Charlie Parker chose Powell to be his pianist on a May 1947 quintet recording session with Miles Davis, Tommy Potter, and Max Roach; this was the only studio session in which Parker and Powell played together. [...]"

-Wikipedia (https://en.wikipedia.org/wiki/Bud_Powell)
11/29/2023

Have a better biography or biography source? Please Contact Us so that we can update this biography.

"Charles Daniel Richmond (December 15, 1931 - March 16, 1988) was an American jazz drummer who is best known for his work with Charles Mingus. He also worked with Joe Cocker, Elton John and Mark-Almond.

Richmond was born Charles Daniel Richmond on December 15, 1931, in New York City and grew up in Greensboro, North Carolina. He started playing tenor saxophone at the age of thirteen, and went on to play R&B with the Paul Williams band in 1955.

His career took off when he took up the drums, which he had taught himself to play in his early twenties, through the formation of what was to be a 21-year association with Charles Mingus. Mingus biographer Brian Priestley writes that "Dannie became Mingus's equivalent to Harry Carney in the Ellington band, an indispensable ingredient of 'the Mingus sound' and a close friend as well".

That association continued after Mingus' death when Richmond became the first musical director of the group Mingus Dynasty in 1980.

He died of a heart attack in Harlem on March 16, 1988, at the age of 56."

-Wikipedia (https://en.wikipedia.org/wiki/Dannie_Richmond)
11/29/2023

Have a better biography or biography source? Please Contact Us so that we can update this biography.


Track Listing:



1. Prayer For Passive Resistance 8:12

2. Wednesday Night Prayer Meeting 12:03

3. Better Git Hit In Your Soul 11:20

4. Folk Forms I 11:38

5. What Love? 13:57

6. I'll Remember April 13:49

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(ezz-thetics by Hat Hut Records Ltd)
Three configurations of sophisticated duos & trios from four remastered albums recorded between 1962 and 1966 by pianist Bill Evans: first in duos with guitarist Jim Hall (Undercurrent); then with his trio of bassist Gary Peacock & Paul Motian (Trio 64); then with bassist Chuck Israels & drummer Larry Bunker (Trio 65); and last full circle to 1966, again with Jim Hall (Intermodulation).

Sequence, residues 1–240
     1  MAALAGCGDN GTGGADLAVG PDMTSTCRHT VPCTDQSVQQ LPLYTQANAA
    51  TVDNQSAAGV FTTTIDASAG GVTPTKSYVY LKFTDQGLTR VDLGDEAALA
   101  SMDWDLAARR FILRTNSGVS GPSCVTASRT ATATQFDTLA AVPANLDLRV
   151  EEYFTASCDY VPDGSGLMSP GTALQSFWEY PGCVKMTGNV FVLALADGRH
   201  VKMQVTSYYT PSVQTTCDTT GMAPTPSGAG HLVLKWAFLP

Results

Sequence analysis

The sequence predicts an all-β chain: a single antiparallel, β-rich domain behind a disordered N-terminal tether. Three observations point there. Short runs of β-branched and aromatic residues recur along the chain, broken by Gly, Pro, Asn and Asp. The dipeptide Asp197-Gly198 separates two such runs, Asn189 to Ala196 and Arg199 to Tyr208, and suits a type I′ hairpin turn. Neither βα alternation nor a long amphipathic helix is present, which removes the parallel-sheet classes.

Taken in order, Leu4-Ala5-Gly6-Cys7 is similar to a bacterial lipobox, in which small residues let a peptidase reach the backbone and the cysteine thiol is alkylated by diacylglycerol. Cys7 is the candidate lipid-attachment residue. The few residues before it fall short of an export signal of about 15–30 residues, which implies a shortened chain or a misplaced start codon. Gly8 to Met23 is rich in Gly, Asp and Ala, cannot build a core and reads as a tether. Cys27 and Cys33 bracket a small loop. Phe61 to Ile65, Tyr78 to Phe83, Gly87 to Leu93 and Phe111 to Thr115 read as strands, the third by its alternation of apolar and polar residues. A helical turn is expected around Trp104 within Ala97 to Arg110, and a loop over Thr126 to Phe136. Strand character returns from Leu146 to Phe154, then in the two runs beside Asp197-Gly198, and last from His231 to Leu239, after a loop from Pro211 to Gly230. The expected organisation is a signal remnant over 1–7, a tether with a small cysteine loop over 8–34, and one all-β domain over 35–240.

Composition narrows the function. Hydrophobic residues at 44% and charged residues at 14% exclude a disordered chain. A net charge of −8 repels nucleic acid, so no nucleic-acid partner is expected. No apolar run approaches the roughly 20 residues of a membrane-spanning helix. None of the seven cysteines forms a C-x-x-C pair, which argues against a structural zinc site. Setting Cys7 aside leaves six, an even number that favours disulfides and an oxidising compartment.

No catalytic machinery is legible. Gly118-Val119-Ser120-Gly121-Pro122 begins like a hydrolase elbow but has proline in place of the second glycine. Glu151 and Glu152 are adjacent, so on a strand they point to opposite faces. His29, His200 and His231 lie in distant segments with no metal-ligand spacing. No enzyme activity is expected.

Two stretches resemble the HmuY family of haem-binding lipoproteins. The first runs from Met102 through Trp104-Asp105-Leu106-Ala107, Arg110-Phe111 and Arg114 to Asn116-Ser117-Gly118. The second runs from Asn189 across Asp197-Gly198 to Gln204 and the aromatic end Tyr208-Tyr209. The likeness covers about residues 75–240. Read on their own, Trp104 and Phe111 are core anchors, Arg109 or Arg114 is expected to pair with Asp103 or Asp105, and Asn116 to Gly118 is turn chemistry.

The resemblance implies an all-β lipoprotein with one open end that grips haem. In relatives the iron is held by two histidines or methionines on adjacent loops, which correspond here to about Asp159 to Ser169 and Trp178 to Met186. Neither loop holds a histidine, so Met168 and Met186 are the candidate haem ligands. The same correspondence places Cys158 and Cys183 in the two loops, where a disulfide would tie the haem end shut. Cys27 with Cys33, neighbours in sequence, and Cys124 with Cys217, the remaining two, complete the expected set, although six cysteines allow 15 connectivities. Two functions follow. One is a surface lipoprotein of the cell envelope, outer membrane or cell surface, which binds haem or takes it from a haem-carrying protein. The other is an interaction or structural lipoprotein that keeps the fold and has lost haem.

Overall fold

Coleman, Ornette Trio
At The Golden Circle Stockholm, Revisited
(ezz-thetics by Hat Hut Records Ltd)
Reissuing and remastering both volumes from saxophonist, trumpeter and violinist Ornette Coleman's 1966 Blue Note album of his 1965 performance at the Golden Circle in Stockholm, Sweden in a trio with double bassist David Izenzon and drummer Charles Moffett, two days of exceptional concerts and the first example of Ornette's violin playing on any recording.
Bucher / Countryman / Hori
The Movement Radical
(ChapChap Records)
During a tour by frequent collaborators, American saxophonist living in the Philippines Rick Countryman and Swiss drummer Christian Bucher, the duo joined with acoustic bassist Tetsuro Hori for five nights in the Kansai region of Japan, on the fifth night performing at the Big Apple in Kobe, Japan where this hard blowing session of free jazz was captured.
Swell, Steve
Dances with Questions [3-CD SET]
(Not Two)
Granberg, Magnus
How Lonely Sits the City? (version for quartet)
(Meenna)
An exquisite work for violin, cello, harp and prepared piano composed by Magnus Granberg, who also performs on piano, at the invitation of fellow Swedish contemporary performers Leo Svensson Sander (cello), Stina Hellberg Agback (harp) and Eva Lindal (violin), a complement to the version released on Another Timbre in 2022 and performed by Granberg's Skogen ensemble.



The Squid's Ear Magazine

The Squid's Ear Magazine